Monday, February 22, 2010

Going the Distance - Chapter 16

This series was originally posted on In Tandem, a blog for ministry wives. 

Chapter 16 - Justification by faith - a truth that works!
If I had to rank any one teaching of Scripture as of primary significance for my own nourishment as a person and a pastor, I would choose 'justification by faith alone'. It was Marin Luther who suggested that justification by faith was the article of a standing or falling church. My own view is that it is also the article of a standing or falling pastor. (p244)

In what areas does the doctrine of justification by grace help us as pastors and pastors' wives?

1. Self-esteem - my worth does not come from my job, position or the esteem of others, but rather, my status as a loved child of God.

2. Failures - "my own worth and value does not depend on my performance", I do not have to do a perfect job to be acceptable to God.
We work not in order to gain salvation or acceptance from God, but because we are already accepted in Christ. (p247)
Failure which has resulted from sin must be repented of. However failure due to mistakes, inadequate support, or sinfulness of others need not be a reason for despair. Failure can be seen as forced growth.

3. Relationships - we can accept people for who they are, rather than having 'performance-based' criteria and expectations. When we accept people for who they are and how God has made them, both encouragement and correction can flow from that relationship.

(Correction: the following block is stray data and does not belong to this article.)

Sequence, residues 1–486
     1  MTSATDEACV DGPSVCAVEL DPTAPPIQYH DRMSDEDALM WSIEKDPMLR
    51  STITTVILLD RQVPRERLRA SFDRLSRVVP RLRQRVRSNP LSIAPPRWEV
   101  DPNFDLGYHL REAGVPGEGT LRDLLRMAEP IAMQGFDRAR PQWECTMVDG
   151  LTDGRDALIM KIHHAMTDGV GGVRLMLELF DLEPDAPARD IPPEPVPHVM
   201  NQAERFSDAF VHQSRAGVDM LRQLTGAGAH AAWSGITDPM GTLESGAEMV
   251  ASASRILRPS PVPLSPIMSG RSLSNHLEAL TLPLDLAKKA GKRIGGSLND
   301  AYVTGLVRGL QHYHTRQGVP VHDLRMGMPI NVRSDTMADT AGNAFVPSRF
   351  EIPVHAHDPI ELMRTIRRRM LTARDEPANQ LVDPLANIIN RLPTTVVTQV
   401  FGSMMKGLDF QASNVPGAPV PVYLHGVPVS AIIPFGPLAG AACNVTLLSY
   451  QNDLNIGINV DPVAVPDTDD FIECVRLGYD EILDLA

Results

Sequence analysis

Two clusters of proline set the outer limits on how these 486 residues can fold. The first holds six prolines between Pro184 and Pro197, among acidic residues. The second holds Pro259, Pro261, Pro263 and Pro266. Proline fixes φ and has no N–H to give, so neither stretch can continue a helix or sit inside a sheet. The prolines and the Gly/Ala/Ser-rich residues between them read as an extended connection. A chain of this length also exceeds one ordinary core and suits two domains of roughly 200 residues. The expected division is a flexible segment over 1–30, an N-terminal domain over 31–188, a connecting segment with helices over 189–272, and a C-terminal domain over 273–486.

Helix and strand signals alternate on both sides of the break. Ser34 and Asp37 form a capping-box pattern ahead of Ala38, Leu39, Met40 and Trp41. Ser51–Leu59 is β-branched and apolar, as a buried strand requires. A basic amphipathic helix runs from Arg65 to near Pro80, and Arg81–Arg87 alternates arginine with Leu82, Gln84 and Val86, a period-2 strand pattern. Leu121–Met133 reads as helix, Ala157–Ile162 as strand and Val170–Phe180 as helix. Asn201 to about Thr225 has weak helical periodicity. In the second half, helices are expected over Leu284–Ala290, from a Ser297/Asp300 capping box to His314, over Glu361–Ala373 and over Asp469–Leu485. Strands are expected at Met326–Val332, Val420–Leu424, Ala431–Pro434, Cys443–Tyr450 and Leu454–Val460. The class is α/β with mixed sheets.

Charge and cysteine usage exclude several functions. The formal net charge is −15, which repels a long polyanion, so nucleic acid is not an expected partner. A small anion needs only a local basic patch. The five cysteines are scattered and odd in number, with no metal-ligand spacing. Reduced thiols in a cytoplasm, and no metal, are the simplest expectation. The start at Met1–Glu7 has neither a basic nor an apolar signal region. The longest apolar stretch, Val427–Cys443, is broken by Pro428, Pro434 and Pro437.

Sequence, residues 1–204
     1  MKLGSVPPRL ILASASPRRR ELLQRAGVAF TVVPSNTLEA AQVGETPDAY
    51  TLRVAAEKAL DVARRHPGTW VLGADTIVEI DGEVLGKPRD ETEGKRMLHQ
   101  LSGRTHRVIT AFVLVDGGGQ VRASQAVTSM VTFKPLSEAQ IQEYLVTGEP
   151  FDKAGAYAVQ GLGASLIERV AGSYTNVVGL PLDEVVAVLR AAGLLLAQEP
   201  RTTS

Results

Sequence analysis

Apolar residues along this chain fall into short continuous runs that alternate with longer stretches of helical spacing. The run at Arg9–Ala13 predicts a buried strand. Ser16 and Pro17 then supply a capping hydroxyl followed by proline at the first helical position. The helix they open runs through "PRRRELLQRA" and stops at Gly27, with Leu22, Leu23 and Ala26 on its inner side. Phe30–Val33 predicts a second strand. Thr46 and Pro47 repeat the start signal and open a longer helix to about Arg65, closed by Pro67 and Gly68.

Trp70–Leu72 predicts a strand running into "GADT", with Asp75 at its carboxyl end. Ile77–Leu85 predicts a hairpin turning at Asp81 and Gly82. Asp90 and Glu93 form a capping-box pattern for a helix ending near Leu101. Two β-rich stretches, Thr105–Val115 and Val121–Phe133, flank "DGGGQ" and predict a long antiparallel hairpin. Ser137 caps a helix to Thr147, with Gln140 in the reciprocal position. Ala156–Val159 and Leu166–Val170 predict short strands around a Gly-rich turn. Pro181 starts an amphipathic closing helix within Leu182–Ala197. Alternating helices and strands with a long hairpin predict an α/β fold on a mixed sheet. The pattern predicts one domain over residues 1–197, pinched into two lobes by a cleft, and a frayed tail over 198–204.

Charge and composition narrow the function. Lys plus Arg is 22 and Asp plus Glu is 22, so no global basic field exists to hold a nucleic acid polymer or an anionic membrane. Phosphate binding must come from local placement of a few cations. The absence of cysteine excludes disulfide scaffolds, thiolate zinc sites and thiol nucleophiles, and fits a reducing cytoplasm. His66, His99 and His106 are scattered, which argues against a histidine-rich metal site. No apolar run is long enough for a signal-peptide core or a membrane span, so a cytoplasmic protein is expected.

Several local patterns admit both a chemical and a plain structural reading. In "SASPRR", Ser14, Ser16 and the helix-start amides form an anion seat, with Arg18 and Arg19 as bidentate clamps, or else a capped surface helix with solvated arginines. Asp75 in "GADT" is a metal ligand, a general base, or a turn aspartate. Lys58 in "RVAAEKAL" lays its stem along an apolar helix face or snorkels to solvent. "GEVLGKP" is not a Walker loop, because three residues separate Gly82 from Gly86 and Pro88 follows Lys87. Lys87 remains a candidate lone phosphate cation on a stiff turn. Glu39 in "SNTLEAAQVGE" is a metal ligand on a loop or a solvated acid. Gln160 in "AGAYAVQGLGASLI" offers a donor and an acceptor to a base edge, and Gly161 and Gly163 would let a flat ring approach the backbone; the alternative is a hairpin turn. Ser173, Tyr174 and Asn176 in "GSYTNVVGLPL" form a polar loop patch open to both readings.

4. Leads to real work - we stick to the real tasks, seeking only the approval of God and his standards of faithfulness, rather than success.

5. Helps me to think straight - as a human 'being' not a human 'doing'. We will be aware of our relationship with God and our value to him, not assessing ourselves in light of others or our own unrealistic expectations.

6. Helps me to love & value the flock more:
Justification by faith will keep me from either idealizing or, more likely, criticizing or resenting the congregation for its imperfections. Far from finding it surprising that churches will have problems, we should expect it as the norm. God loves sinners. (p254)

Some things to think about:
  1. Have you thought about how the doctrine of justification by faith can change your attitude to your ministry?
  2. Do you struggle to accept that faithfulness is more important than 'success'? Or, instead, is it of great comfort to you?
  3. Do you have a realistic view of the people you minister to - that they are also sinners trying to live by grace?

Next Monday: Chapter 17 - Summing up

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